Investigation reveals Facebook gave Netflix and Spotify access to user's private messages

Facebook CEO Mark Zuckerberg. Internal Facebook records describe data-sharing deals that benefited more than 150 companies a report has found

According to the New York Times, citing internal documents and interviews with former employees, the social network gave tech companies deep access to user data. BlackBerry, Yahoo, and Russian internet company Yandex all were reportedly given some access as part of these partnerships; they certainly would not all be acting in the same interests as Facebook when given user data.

Facebook also allowed Microsoft's Bing search engine, to collect the names of "virtually all Facebook users' friends" without their consent. The deals were made over the years, dating back to as early as 2010. Apple told the New York Times it was unaware that it had special access, and of the data described would never leave the user's device.

Although many companies are listed in the piece, it's Netflix and Spotify that have been highlighted as being able to access, and even delete, private messages. "But Netflix and the Canadian bank no longer needed access to messages because they had deactivated features that incorporated it".

"Over the years, we've partnered with other companies so people can use Facebook on devices and platforms that we don't support ourselves", he said.

It said this was so people could log in to services such as Spotify with their Facebook account and then send messages through the Spotify app. In return, Facebook got to spread its net wider, bring in new users and exploit this to boost ad revenues.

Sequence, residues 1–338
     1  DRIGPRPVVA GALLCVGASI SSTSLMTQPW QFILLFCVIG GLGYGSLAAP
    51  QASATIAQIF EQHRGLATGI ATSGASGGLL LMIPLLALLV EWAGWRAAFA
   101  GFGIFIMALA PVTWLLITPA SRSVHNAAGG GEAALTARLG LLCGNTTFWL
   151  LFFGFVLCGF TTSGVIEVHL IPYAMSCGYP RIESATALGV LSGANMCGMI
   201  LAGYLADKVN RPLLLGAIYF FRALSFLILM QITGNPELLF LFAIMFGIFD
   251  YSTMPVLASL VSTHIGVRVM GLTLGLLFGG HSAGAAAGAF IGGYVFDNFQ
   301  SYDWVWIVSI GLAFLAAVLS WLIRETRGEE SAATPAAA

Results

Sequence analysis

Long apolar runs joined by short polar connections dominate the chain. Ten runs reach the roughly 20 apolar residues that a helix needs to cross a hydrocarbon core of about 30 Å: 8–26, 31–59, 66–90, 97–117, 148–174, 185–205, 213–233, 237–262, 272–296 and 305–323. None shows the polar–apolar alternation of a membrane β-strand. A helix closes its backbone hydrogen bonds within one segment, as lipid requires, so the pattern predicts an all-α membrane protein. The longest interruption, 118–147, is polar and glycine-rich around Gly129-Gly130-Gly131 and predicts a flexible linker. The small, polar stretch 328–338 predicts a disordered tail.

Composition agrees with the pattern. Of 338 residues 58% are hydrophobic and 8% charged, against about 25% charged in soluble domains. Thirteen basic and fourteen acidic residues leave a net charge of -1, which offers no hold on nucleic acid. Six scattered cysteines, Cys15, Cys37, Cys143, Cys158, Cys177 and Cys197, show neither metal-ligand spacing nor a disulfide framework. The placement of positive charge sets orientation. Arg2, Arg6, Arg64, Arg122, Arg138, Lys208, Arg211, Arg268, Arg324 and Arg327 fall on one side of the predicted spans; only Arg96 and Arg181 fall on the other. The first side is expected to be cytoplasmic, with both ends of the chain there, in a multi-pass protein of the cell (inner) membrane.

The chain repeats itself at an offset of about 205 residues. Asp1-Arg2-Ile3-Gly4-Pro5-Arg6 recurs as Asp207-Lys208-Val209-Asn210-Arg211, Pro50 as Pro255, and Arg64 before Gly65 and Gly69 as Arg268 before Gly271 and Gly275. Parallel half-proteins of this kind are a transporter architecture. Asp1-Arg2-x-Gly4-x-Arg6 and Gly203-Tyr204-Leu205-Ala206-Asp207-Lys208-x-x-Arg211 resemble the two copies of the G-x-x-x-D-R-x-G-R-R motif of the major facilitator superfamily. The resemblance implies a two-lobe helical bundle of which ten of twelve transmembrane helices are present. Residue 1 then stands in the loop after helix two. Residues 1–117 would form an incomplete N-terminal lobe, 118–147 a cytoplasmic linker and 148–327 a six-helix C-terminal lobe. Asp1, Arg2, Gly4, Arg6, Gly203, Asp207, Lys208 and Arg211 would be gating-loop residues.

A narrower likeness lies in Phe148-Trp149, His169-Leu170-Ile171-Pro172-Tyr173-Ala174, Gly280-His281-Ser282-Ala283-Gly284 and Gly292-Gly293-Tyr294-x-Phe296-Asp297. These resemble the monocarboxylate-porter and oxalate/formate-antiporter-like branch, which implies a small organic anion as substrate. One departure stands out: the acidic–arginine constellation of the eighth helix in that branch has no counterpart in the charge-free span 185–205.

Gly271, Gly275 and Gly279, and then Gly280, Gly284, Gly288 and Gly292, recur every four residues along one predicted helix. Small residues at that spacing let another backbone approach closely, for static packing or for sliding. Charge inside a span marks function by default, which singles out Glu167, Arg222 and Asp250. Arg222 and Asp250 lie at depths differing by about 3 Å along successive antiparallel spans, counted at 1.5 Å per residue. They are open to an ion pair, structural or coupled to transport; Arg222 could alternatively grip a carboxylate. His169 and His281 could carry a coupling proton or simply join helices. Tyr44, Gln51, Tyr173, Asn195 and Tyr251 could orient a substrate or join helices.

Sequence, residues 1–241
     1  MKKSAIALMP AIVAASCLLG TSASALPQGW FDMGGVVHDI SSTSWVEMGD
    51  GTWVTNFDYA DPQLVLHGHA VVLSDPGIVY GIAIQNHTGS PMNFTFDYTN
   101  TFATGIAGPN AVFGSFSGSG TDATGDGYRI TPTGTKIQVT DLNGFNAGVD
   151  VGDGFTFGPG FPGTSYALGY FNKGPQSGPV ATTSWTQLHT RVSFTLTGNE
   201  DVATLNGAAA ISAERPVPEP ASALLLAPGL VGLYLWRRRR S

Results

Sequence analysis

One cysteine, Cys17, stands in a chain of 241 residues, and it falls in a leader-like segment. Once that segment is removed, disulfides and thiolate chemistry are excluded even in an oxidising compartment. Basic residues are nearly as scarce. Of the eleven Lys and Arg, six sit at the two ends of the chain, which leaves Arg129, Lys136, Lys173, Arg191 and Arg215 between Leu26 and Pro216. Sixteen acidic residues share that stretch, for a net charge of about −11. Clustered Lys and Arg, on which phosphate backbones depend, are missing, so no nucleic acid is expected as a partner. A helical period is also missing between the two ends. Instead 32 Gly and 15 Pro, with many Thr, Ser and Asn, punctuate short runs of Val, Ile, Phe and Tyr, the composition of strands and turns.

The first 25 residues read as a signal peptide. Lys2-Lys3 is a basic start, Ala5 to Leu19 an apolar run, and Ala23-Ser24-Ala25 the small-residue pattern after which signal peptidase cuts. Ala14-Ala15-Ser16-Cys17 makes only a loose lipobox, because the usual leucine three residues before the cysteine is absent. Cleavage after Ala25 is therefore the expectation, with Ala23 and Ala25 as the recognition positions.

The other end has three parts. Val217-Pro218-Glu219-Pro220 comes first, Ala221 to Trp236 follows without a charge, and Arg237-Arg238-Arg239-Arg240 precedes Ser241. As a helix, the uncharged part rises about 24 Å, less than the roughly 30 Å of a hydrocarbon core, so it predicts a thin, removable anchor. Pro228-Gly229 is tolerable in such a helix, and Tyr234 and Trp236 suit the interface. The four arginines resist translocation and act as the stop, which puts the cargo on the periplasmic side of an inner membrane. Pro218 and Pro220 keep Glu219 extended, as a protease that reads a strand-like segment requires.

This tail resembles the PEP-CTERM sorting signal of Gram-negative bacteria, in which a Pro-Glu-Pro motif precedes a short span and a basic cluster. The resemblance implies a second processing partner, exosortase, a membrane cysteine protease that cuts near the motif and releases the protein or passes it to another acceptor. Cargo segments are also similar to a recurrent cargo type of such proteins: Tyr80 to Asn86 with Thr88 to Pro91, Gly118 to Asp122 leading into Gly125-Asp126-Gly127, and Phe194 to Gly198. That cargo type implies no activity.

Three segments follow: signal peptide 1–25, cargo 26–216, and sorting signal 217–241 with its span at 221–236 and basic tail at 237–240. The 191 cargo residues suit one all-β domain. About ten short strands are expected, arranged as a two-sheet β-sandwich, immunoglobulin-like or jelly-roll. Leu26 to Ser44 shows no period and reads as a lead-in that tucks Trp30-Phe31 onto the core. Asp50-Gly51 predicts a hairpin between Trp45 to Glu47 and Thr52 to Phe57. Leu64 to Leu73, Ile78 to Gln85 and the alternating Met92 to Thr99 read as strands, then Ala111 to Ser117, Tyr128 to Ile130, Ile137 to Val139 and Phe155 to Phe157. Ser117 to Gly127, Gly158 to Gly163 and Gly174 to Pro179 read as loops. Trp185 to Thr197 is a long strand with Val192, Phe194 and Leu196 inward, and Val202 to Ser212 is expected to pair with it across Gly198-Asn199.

Last week, it was reported that a bug may have exposed millions of Facebook users' private photos to third party apps. The company has spent the year trying to update its security and answer questions about the scandal from US lawmakers and overseas policy makers.

The New York Times report comes after Facebook has been reeling from a series of privacy scandals
STUFFThe New York Times report comes after Facebook has been reeling from a series of privacy scandals

The report marked yet another potential embarrassment for Facebook, which has been roiled by a series of scandals on data protection and privacy and has been scrutinised over the hijacking of user data in the 2016 USA election campaign. The companies include Microsoft, Amazon and Yahoo.

The documents reviewed by the Times raise questions of whether Facebook's data-sharing agreements ran afoul of a consent decree issued by the Federal Trade Commission meant to monitor how Facebook tracks and shares data about its users.

"We know we've got work to do to regain people's trust". "However, we shouldn't have left the APIs in place after we shut down instant personalization".

Netflix issued a statement through a spokesperson, saying, "Over the years we have tried various ways to make Netflix more social".

Most of the companies with which Facebook shared data under the arrangements were tech firms such as "online retailers and entertainment sites", according to the report, but they also included automakers and media organizations.

"Throughout our engagement with Facebook, we respected all user preferences", a Microsoft spokesman said in a statement.

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